Bonds in brief: making sense of the macro — March issue

Marco Giordano, Investment Director
4 min read
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Welcome to the March edition of “Bonds in brief”, our monthly assessment of risks and opportunities within bond markets for fixed income investors. Each month, we explore material macro changes and how best to navigate the latest risks and opportunities we see within bond markets.

Key points

  • Mixed economic data left market participants grappling with the expected timing and magnitude of central bank rate cuts. In a notable switch from February, with inflation in the euro area moderating at a faster rate than in the US, futures markets are now assigning a higher probability of a rate cut by the European Central Bank (ECB) than the US Federal Reserve (Fed) at their June policy meetings. 
  • In a widely anticipated move, the Bank of Japan (BOJ) announced that it would end its negative interest-rate policy, a landmark shift away from its decades-long stimulus programme to combat deflation. While the small hike, from -0.1% to a target range of 0% – 0.1%, is unlikely to be followed by significant monetary tightening, it marks a notable shift as the BOJ was the last major central bank still adopting negative interest rates. 
  • Elsewhere, the Swiss National Bank surprised markets with a 25 basis points rate cut as policymakers became confident that inflationary pressures have abated, causing the Swiss franc to continue depreciating against other currencies. The Bank of Mexico became the latest central bank in Latin America to start its rate-cutting cycle, and could follow Brazil, Chile and Colombia in further reducing interest rates.

What are we watching? 

  • Narrowing window for rate cuts. Inflation is on a downward trajectory in many countries, and we are seeing signs of slowdowns in labour markets too. However, unemployment is not picking up significantly and, in some countries (notably, the UK and across Europe), hiring intentions remain stronger now than at the same time last year. Global purchasing managers’ indices appear to have troughed above 50, with manufacturing in growth territory for the first time since mid-2022 and services continuing to expand. While inflation data hasn’t changed sufficiently to move the Fed and other central banks away from their intention to start easing in the summer, there is a real risk of the cycle reaccelerating without inflation having reached target first. In this context, the window for policymakers could be narrowing if underlying economic data doesn’t allow them to follow through on expected rate cuts.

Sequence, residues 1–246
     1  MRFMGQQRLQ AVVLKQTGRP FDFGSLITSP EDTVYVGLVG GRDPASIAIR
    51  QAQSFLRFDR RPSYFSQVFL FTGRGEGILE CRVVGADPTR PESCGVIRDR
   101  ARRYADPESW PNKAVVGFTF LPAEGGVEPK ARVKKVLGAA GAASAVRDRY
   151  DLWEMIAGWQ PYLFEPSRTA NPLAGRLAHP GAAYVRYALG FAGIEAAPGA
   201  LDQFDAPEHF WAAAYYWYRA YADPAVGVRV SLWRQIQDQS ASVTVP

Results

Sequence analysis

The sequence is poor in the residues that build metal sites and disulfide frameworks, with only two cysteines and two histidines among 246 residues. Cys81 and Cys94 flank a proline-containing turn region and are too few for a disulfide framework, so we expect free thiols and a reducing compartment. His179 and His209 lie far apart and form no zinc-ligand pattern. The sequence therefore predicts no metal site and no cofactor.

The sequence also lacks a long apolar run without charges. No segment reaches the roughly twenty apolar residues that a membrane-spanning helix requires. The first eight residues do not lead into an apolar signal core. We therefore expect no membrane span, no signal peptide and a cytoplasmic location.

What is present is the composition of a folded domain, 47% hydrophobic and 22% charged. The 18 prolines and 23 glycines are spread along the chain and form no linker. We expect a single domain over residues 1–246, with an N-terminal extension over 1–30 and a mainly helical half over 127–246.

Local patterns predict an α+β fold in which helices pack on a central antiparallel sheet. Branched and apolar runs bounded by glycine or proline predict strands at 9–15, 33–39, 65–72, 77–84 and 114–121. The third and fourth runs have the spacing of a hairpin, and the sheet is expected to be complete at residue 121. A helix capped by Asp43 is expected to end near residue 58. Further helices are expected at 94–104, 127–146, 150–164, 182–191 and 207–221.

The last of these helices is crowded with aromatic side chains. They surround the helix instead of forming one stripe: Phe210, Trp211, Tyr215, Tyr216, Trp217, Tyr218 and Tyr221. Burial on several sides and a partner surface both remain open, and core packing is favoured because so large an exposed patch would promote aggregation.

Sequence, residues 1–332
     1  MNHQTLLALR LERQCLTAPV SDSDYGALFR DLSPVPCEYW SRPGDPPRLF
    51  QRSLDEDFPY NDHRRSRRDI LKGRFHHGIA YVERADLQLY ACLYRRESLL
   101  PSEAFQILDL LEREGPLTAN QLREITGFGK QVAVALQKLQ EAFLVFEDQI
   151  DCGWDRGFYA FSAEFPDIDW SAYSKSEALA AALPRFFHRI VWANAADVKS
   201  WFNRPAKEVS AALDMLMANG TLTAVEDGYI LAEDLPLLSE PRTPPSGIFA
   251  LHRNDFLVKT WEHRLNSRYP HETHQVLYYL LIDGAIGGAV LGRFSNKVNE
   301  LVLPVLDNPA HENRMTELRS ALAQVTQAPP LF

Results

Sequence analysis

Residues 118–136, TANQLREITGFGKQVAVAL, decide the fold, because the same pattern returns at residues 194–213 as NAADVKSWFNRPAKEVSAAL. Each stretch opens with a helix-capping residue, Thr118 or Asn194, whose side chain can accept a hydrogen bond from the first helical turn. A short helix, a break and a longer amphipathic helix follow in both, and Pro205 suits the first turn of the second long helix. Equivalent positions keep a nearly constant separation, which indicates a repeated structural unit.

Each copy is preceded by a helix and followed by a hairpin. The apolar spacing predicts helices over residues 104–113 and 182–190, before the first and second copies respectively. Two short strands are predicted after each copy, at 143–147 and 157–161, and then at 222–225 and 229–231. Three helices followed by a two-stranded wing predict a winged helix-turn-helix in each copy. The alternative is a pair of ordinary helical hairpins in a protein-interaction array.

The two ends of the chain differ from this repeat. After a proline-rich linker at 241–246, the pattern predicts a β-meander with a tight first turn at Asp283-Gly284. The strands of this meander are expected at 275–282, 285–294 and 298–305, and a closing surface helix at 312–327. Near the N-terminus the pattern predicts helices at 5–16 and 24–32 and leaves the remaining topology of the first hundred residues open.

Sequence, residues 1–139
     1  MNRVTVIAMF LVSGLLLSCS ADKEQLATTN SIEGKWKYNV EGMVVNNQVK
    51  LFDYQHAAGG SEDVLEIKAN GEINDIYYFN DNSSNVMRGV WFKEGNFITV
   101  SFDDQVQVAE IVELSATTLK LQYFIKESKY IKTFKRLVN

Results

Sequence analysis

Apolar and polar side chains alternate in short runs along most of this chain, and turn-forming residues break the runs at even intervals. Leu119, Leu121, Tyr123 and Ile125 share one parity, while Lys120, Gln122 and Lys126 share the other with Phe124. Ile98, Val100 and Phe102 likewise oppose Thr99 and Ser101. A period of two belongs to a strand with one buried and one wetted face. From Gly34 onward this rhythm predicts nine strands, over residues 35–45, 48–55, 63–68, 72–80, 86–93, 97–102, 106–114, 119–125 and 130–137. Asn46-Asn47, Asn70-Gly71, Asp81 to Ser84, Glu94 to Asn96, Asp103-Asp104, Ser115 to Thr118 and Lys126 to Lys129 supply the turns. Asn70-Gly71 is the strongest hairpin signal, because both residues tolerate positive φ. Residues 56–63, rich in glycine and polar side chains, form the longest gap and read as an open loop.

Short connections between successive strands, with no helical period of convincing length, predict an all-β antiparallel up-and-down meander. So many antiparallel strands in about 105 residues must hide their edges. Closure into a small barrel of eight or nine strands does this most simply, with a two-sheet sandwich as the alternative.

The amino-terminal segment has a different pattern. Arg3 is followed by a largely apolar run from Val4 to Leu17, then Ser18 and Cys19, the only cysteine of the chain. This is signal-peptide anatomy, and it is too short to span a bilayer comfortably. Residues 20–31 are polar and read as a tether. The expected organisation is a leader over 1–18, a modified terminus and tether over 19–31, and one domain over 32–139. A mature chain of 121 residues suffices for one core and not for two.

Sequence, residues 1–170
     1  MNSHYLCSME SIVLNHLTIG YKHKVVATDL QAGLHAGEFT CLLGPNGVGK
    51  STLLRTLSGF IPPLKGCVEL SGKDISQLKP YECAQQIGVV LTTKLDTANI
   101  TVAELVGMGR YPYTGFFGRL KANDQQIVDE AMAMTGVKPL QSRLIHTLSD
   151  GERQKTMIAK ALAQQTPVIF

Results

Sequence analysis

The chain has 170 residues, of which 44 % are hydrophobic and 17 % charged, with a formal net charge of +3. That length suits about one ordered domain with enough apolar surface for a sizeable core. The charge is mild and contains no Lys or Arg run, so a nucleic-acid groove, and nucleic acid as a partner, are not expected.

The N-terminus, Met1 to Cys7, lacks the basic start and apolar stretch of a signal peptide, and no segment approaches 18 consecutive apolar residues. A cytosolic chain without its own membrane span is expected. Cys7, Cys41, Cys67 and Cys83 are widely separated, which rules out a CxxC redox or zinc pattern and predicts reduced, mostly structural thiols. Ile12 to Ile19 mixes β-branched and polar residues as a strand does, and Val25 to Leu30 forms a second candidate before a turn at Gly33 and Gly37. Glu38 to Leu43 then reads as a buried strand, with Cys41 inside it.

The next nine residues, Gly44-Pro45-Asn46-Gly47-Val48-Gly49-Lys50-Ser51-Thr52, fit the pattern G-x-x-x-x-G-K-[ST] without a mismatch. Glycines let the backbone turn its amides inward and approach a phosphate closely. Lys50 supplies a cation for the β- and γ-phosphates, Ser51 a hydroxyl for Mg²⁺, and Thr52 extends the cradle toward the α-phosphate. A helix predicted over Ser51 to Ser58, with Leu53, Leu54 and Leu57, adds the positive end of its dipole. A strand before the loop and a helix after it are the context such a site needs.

• High-yield spreads continued to compress, with CCC rated issuers leading the way in the US. While economic conditions remain relatively robust, there are rumblings under the surface. Levered French telecom giant Altice faces corruption probes in France and Portugal. This case is notable because Altice is a significant component of European high-yield indices, and its leveraged loans are embedded in many collateralised loan obligation (CLO) structures. Its most recent ratings downgrade to CCC means that it can impact over-collateralisation tests in CLOs, which could potentially lead to forced sales of the securities. 
  • Upcoming elections in India and Mexico will give more than one billion people the chance to vote. In both countries, policy continuity is likely if, as widely expected, Indian Prime Minister Narendra Modi wins a third term and Claudia Sheinbaum, a close ally of incumbent President Lopez Obrador, wins in Mexico. In South Africa, if the African National Congress fails to win late May’s election outright for the first time since the end of apartheid in 1994, a potential coalition government could put pressure on risk assets and the rand. Elsewhere, a possible shift to the right in June’s European Parliament elections could have significant implications for several policy areas, while in the UK, a Labour victory in a general election this year would be unlikely to change the country’s fiscal trajectory. In the US, November’s election has implications for tariff and tax policy, as well as the regulatory framework for a number of sectors. US term premia could be vulnerable to ballooning federal deficits and selling from large overseas holders of Treasuries, but the US dollar’s reserve currency status could mitigate some of these adverse effects.

Where are the opportunities? 

  • Given how drawn out and uncertain the rate cycle has been, we continue to see opportunities in higher-quality total return strategies that are less constrained by benchmarks. This could include global sovereign and currency strategies or unconstrained strategies that are able to navigate the late cycle by allocating across different sectors.
  • In our view, core fixed income, and particularly credit, strategies are looking increasingly attractive. Higher-quality fixed income is appealing from both an income and capital protection perspective, with the income from these strategies not only attractive outright but also providing an additional buffer to rate volatility. 
  • We think high-yield and emerging markets debt still offer potential, but we expect continued volatility given how late we are in the cycle and the normalising of default rates relative to current spreads. However, the robust carry may make high yield a good equity substitute. For all higher-yielding credit, including high yield, bank loans and convertible debt, we advocate an “up-in-quality” issuer bias in case the slowing economy undershoots a soft-landing scenario and defaults and downgrades accelerate.

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